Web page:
Presentation on Genomics and Marine Environment

June 29, 2020 - 1:30 PM
Marine Mammal Institute

Humpback whale south of Depoe Bay.\Photo by Rena Olson.

The Marine Mammal Institute at the Hatfield Marine Science Center is interviewing candidates for an open assistant professor in cetacean biology.  This gives the public an opportunity to learn about current research on marine mammals, because each of the four candidates will give a talk on their research activity, open online to the public at no cost.

Next up is Alana Alexander, speaking on “Linking past to future: using genomics to assess anthropogenic impacts on the marine environment.” She speaks on Monday, June 29, 1:30 p.m.

Dr. Alexander’s description of her topic:

“Genetic data is useful for filling in gaps in ecological inference, both in terms of temporal scales — allowing inferences across deep time — but also because the relatively simple sampling procedures can be carried out over large spatial scales. My research utilizes this “time-traveling” ability of population genomics and phylogenomics by combining genomics, advanced computational tools, and behavioral, ecological, and biogeographic data to make inferences about the processes leading to patterns of genetic diversity within and among populations. These inferences range from global spatial and deep temporal scales (e.g. the worldwide impact of climate fluctuations on global sperm whale populations over the last 125,000 years), to regional spatial scales across time scales relevant to local adaptation (e.g. the evolution of MHC immune genes in Hector’s and Māui dolphin populations). Overall, I consider myself a molecular ecologist/evolutionary biologist who focuses on how genomic data can inform us about broader scale ecosystem processes and questions relevant to conservation. As a Māori scientist (the Indigenous people of New Zealand), I also maintain a strong interest in ensuring that my research can be used to support kaitiakitanga (guardianship) and rangatiratanga (sovereignty) of resources within the rohe (areas) of iwi (tribes) and hapū (subtribes).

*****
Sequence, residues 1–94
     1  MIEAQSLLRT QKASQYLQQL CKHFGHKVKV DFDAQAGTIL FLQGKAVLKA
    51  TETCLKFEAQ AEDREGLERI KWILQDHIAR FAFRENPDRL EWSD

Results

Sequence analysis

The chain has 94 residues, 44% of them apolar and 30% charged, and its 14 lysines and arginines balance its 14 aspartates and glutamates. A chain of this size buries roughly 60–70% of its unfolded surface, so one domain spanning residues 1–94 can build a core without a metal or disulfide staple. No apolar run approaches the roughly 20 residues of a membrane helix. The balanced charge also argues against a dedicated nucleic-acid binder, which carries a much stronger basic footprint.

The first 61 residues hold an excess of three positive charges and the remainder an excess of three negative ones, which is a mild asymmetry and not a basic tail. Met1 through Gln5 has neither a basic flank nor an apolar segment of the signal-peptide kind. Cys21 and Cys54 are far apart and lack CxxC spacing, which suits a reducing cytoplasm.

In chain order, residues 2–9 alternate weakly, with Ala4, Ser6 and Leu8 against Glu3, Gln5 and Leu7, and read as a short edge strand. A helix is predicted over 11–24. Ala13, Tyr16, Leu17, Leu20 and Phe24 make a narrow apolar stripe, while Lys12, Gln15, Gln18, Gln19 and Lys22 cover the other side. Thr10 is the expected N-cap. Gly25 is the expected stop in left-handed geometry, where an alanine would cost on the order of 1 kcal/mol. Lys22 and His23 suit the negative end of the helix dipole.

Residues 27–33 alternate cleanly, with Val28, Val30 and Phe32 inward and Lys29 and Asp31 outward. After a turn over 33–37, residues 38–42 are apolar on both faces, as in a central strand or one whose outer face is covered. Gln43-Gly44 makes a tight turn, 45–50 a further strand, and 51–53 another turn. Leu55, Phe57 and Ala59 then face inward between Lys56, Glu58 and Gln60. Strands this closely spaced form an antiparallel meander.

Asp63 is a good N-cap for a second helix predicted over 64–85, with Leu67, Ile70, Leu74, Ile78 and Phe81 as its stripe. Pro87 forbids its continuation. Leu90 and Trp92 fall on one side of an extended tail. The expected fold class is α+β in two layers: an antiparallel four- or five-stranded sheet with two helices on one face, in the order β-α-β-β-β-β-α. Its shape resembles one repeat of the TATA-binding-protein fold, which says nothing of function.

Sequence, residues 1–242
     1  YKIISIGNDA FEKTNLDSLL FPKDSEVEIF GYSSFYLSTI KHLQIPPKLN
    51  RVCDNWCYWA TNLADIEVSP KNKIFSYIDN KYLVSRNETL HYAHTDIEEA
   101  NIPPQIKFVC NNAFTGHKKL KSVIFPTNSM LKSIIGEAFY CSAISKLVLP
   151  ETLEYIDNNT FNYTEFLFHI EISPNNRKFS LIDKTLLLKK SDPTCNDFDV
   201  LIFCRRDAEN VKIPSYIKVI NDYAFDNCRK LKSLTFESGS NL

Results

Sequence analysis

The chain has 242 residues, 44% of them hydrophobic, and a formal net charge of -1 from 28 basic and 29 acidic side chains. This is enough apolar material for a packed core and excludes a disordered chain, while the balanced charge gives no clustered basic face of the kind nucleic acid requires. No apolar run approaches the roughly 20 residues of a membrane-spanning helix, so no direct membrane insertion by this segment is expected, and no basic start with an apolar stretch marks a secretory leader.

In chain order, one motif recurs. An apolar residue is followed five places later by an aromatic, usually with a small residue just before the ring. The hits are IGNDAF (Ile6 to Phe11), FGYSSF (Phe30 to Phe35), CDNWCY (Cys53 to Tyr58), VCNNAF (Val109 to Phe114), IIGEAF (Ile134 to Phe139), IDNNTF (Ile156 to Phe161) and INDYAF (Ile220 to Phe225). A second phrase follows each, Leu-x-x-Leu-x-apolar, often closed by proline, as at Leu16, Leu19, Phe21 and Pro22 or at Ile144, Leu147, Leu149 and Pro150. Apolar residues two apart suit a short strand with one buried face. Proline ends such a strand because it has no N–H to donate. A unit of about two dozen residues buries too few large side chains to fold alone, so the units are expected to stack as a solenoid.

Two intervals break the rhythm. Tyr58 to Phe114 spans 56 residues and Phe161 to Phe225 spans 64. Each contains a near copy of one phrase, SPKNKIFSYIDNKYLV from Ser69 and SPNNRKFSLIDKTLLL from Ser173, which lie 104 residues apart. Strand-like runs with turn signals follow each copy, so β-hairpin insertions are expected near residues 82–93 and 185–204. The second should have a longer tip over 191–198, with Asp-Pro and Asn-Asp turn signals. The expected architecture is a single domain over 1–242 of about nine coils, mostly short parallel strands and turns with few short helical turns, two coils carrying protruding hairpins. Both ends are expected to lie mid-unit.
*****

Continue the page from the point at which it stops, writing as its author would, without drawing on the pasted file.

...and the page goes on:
To participate via Zoom, go to https://oregonstate.zoom.us/j/99433257839